Our Baby Brother

One hundred years ago today James Fitzroy Foot lay dying.  Driving rain turned the ground beneath him into thick mud which oozed into his uniform and quickly embraced him.

He lay with others from his battalion near the border between France and Belgium.  Officially they were in France but so close to the border, when their mates found them they buried them together in the vicinity of Messines in Belgium.  Reverend Cutten reported their burial on the 12th of August.  James was barely nineteen, from Springsure in central Queensland.  Annie Wheeler grew up in Springsure and knew James’s family well.

James was part of the 42nd battalion which was attached to General Plumer’s Second Army.  Since the battle of Messines their efforts were focused on destroying German resistance along the Warneton Line in preparation for the major offensive to capture the strategic Passchendaele ridge.  The 42nd battalion would be part of a supportive feint attack to the south, designed to weaken the German defence by drawing it away from the main battle.

The feint and the main battle of Passchendaele began at the same time, 3.50am on the morning on the 31st of July.  The battalion made good progress but despite the unprecedented shelling by the British in the weeks leading up to the battle the counter attack was fierce and they were heavily bombarded.

Then the rain fell, in great torrents, and the battle of Passchendaele, already ill-planned turned disasterous.  The fields of Ypres became a human slaughter-house.

James was killed on the 31st of July but news of his death took time to filter through.  His family were devastated.  He was the baby.  They needed more information about his death and wrote to Annie Wheeler.  “I am writing to you because you will most likely meet some of the 42nd who were with James at the time and if you could gain any information about his death.  Only a few particulars would be so comforting.  He was our baby brother – only 19 and 2 months when he died.”

The family also wrote to the AIF and were told all that remained were discs, a wallet and some photos.  They were told where he was buried.  In 1928, the Graves’ Commission found the remains of the C.O. of the 42nd battalion, Lieutenant Norman Freeman and five other soldiers near Messines.  Paper work confirmed one of the soldiers was James Foot.  Another was Private J. Fallon also from the 42nd battalion. James was exhumed and reburied in Sanctuary Wood Cemetry at Zillesbeke. His mates were buried beside him.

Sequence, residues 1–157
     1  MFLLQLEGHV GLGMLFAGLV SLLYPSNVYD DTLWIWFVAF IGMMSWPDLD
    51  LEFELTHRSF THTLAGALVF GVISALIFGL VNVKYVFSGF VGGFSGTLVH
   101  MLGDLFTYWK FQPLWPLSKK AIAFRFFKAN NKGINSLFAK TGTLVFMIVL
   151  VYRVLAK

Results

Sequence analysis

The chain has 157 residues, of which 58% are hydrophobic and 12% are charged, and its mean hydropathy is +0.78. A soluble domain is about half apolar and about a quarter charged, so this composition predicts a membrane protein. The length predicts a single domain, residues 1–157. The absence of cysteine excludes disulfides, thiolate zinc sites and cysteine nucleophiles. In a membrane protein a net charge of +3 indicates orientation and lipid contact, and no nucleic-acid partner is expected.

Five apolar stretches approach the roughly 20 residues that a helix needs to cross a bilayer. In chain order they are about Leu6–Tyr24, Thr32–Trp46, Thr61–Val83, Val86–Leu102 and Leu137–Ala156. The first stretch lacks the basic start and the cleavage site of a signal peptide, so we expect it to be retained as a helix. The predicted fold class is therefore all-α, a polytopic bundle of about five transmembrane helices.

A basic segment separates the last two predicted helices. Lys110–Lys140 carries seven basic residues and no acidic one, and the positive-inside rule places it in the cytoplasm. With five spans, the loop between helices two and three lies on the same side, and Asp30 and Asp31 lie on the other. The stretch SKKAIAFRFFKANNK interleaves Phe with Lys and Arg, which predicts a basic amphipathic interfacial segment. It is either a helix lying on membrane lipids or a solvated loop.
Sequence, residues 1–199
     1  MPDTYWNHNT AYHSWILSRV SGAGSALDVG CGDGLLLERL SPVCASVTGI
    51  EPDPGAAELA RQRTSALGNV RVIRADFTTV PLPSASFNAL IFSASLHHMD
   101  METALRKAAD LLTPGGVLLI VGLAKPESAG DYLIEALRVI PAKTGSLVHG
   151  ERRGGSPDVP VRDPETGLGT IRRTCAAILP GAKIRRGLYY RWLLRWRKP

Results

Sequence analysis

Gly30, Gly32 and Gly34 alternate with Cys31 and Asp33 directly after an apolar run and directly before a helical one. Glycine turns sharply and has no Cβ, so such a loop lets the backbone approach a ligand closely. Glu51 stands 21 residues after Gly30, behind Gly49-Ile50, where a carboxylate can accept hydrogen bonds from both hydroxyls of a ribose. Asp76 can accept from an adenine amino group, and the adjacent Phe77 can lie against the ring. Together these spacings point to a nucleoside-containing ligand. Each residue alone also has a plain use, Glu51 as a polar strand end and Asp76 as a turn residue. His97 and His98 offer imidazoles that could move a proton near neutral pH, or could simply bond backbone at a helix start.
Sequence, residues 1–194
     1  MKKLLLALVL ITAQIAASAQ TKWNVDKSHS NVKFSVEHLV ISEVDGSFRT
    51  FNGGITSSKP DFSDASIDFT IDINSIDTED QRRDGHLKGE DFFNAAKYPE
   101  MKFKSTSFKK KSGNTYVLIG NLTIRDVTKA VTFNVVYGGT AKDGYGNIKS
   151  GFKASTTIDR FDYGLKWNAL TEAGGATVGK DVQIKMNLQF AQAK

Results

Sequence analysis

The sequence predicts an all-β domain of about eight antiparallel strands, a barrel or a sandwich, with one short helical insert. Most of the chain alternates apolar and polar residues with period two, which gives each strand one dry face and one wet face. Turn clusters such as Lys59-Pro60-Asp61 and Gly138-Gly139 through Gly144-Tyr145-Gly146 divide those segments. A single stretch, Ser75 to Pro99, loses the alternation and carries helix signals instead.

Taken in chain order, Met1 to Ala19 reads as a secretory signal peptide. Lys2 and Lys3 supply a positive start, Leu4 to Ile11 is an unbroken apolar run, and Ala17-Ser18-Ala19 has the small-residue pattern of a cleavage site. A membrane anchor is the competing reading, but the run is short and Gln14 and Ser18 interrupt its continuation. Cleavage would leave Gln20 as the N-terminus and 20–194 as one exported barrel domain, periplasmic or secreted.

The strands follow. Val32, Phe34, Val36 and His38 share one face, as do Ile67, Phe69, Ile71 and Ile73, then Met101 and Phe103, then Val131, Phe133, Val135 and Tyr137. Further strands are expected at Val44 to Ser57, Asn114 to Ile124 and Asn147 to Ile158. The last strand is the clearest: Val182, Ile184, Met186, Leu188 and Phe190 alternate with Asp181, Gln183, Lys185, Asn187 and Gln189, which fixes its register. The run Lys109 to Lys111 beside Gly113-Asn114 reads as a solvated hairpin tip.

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Further Information

Map courtesy of the “Unofficial History of the Australian and New Zealand Armed Services” – http://www.diggerhistory.info/pages-battles/ww1/france/warneton.htm.

Annie Wheeler’s papers have been digitised by the State Library of Queensland and are available online – www.slq.gov.au

James Foot’s war record has been digitised by the NAA and is available online www.naa.gov.au

Information about the 42nd battalion is available online at the AWM – www.awm.gov.au

 

 

The Tale of a Machine Gunner

In the middle of July 1917, Charles Snelling visited Annie Wheeler late one evening while he was in London to buy prizes for sports.  Sports and other activities such as circus, gymkhana, plays, concerts and as demand grew, literary and debating societies were encouraged by the AIF at the many training camps and depots in England. Most of these camps were situated around the vast Salisbury Plains.  Some Australians, unfamiliar with English geography thought Salisbury Plains was a place and letters were sometimes addressed to “Annie Wheeler, Mother of the Anzacs, Salisbury Plains”. Annie was amazed when these letters found her.

Lieutenant Charlie Snelling was in the 3rd Machine Gun Unit and was the first Rockhampton soldier to receive a decoration First Rockhampton Boy Wins a Decoration. In July 1917 Charlie was stationed in Grantham and had spent most of 1917 in England.  He had been wounded in France in December 1916 and arrived in London on the 7th January.  Annie was at AIF HQ in Horseferry Road when she heard Charlie was at the Third London Hospital.  A shell had burst near him spraying blast-stones and mud into his eyes.  He was blind for three days.  When Annie went to visit him with Kitty Moir December 1916 – Miss Kitty Moir visits Annie and Portia. she was pleased to see “he was looking well but his eyes were still rather weak”. While recovering he visited Annie several times at her “dug-out”, she was living at Lancaster Gate at the time, becoming a regular visitor.  Annie was pleased to see his eyes improve.

After being discharged Charlie was sent to the Command Depot No. 1 on Perham Downs near Salisbury.  The Command Depots received recovering Australian soldiers deemed fit to return to the front.  In February, Charlie visited Annie when he was in London to attend the medical board.  He was fit and expected to be returning to France within a month.  But instead of being sent back to the front he was sent to Grantham.  Grantham, a town of considerable size, north of London was the centre of machine gun training for the Empire.  In 1918 50,000 men were camped around there.  Machine guns changed warfare; they were light and lethal.  Three men operating a Vickers machine gun were more efficient than a whole platoon, mowing down lines of men in minutes.